New loans at Wells Fargo & Co., the nation’s fourth-biggest lender by assets, dropped 14 percent to $47.4 billion. “We continued to supply credit to U.S. consumers, small businesses and large corporations with over $547 billion of new credit extended to customers through the third quarter this year,” said Mary Eshet, a spokeswoman for the San Francisco-based bank. “In a slower economic cycle, commercial loan demand is naturally weaker.”

Troubled Asset Program

Taxpayers shored up the financial system with the $700 billion Troubled Asset Relief Program. Another round of bailouts would likely stir up more congressional ire.

My constituents, they’re not just anxious, they are mad,” Representative Michael Burgess, a Republican from Ft. Worth, Texas, told Treasury Secretary Timothy Geithner at a hearing of the Joint Economic Committee yesterday.

Under the TARP’s capital-purchase program, the Treasury injected about $205 billion into more than 600 financial institutions of all sizes as of Nov. 13, according to department figures.

John Mack, chief executive officer of Morgan Stanley, said banks’ behavior justified a Fed crackdown.

We cannot control ourselves,” he said yesterday at a panel discussion hosted by Bloomberg News and Vanity Fair at Bloomberg LP’S headquarters in New York. “You have to step in and control the Street.”

Pressure From Dodd

The Fed is already under pressure from Dodd, chairman of the Senate Banking Committee, who proposed legislation Nov. 10 to strip the central bank of its supervisory authority. The Connecticut Democrat’s move strikes at the core of efforts by Bernanke, 55, and Governor Daniel Tarullo, 57, to overhaul Fed supervision and increase monitoring of risks to the financial system.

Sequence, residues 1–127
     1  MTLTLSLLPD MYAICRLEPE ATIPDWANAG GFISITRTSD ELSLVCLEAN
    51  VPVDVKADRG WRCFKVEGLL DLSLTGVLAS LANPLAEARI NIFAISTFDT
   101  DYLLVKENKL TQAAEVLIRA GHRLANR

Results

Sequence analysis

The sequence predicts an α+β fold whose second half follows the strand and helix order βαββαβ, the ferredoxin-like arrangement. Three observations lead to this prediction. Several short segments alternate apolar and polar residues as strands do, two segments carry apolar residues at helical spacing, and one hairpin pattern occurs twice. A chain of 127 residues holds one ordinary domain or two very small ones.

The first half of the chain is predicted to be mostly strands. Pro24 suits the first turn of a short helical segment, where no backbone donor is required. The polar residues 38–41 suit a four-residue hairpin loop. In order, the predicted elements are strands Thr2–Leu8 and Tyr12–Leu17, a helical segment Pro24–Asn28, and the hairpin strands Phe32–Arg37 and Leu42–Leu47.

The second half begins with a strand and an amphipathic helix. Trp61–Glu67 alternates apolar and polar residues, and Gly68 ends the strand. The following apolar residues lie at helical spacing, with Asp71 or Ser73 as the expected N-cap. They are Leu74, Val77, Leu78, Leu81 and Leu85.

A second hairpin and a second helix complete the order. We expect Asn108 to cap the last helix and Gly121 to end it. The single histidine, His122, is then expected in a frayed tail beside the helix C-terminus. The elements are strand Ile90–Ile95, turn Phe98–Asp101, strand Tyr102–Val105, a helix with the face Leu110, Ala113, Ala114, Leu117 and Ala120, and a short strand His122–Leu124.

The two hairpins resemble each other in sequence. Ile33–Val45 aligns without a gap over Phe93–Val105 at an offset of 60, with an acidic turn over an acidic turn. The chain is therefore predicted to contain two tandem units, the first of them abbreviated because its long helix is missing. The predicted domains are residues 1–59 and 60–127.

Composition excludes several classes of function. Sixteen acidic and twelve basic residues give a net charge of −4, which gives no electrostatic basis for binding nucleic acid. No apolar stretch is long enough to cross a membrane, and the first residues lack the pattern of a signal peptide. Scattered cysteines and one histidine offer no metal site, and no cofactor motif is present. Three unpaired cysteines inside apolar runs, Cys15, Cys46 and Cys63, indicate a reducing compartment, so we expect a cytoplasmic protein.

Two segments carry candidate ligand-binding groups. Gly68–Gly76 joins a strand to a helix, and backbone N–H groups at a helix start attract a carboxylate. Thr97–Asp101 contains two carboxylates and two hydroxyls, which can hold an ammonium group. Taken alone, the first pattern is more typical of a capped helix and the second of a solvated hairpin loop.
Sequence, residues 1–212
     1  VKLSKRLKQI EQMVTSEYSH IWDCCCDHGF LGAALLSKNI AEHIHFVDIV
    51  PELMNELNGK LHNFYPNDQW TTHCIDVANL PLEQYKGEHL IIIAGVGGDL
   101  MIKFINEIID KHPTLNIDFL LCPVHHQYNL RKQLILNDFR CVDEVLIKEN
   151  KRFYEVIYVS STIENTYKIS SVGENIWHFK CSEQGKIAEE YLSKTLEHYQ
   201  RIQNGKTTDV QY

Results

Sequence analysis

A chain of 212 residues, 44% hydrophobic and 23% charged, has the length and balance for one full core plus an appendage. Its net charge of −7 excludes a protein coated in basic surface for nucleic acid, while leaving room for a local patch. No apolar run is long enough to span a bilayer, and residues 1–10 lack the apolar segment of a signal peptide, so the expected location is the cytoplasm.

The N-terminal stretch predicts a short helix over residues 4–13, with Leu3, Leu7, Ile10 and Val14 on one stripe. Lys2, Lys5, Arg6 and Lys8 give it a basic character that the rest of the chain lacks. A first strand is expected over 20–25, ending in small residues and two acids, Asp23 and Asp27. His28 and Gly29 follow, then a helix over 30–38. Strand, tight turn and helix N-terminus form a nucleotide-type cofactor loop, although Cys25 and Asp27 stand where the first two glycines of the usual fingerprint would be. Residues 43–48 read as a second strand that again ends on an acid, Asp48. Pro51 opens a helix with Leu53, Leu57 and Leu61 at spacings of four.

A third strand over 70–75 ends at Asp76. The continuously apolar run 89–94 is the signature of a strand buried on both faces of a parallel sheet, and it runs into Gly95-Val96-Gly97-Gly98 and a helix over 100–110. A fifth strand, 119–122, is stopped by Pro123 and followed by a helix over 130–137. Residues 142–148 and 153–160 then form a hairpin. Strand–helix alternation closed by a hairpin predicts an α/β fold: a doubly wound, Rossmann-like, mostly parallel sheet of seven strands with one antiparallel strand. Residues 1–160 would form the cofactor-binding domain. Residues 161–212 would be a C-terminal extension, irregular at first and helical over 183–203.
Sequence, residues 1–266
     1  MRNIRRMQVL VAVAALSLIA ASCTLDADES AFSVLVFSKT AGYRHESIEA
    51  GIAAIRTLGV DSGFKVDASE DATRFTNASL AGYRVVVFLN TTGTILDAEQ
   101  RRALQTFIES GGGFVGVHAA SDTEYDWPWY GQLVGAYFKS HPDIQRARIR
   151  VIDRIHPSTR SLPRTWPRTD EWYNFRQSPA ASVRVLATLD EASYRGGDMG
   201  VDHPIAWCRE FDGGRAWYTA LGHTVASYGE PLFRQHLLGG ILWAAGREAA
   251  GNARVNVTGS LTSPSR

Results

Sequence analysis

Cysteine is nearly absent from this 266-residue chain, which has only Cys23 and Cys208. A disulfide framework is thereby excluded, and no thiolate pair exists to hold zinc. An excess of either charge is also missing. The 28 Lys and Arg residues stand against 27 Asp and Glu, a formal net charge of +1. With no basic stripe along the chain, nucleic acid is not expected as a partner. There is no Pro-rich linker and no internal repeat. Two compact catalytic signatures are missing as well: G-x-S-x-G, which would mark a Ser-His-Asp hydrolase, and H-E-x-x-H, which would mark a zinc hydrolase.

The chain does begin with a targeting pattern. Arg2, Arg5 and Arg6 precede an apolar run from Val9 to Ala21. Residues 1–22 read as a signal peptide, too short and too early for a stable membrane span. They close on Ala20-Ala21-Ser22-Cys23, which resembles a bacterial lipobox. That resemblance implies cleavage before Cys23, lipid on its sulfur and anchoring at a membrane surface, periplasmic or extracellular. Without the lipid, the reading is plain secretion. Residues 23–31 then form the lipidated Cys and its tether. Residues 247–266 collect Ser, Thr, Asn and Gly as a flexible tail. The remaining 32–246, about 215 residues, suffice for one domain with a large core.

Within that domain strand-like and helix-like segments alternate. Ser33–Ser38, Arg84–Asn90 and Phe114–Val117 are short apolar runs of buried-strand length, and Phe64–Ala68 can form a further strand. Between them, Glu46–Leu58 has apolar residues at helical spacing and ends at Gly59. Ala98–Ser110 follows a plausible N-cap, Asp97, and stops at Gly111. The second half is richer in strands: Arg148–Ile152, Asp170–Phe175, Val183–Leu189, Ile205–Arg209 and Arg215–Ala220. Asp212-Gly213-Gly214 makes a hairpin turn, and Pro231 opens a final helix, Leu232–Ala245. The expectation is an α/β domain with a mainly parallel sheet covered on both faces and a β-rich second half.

Tarullo, President Barack Obama’s first appointee to the central bank, is making greater use of so-called horizontal reviews that compare several banks’ exposures and practices.

He is also drawing more on the Fed’s staff of 220 Ph.D. economists to help identify risks. The Fed is now more likely to pull in the economists to run scenarios on what would happen to bank profits if global markets plunged, especially if the central bank’s exams turn up concentrations of risk throughout the financial system.

The Fed is also studying how well banks match funding with the maturity of their assets and how the lenders’ risk managers interact with their trading and loan operations, according to the people familiar with the program.

Fed spokeswoman Barbara Hagenbaugh declined to comment.

Stress Tests

The close attention to banks’ capital adequacy started in July when the Fed began applying some of the lessons it learned from stress tests conducted in May. Those tests showed how the 19 largest lenders would fare in a slower recovery with higher- than-forecast unemployment. Ten companies including Bank of America, Wells Fargo and Citigroup needed additional capital.

Assuring that institutions are strong enough to weather an abrupt turn in asset prices “is critical,” said Deborah Bailey, deputy director of supervision at the Fed’s Board of Governors until June, when she joined Deloitte & Touche LLP in New York as a director. “The Fed is committed to try and get it right."

Too Reliant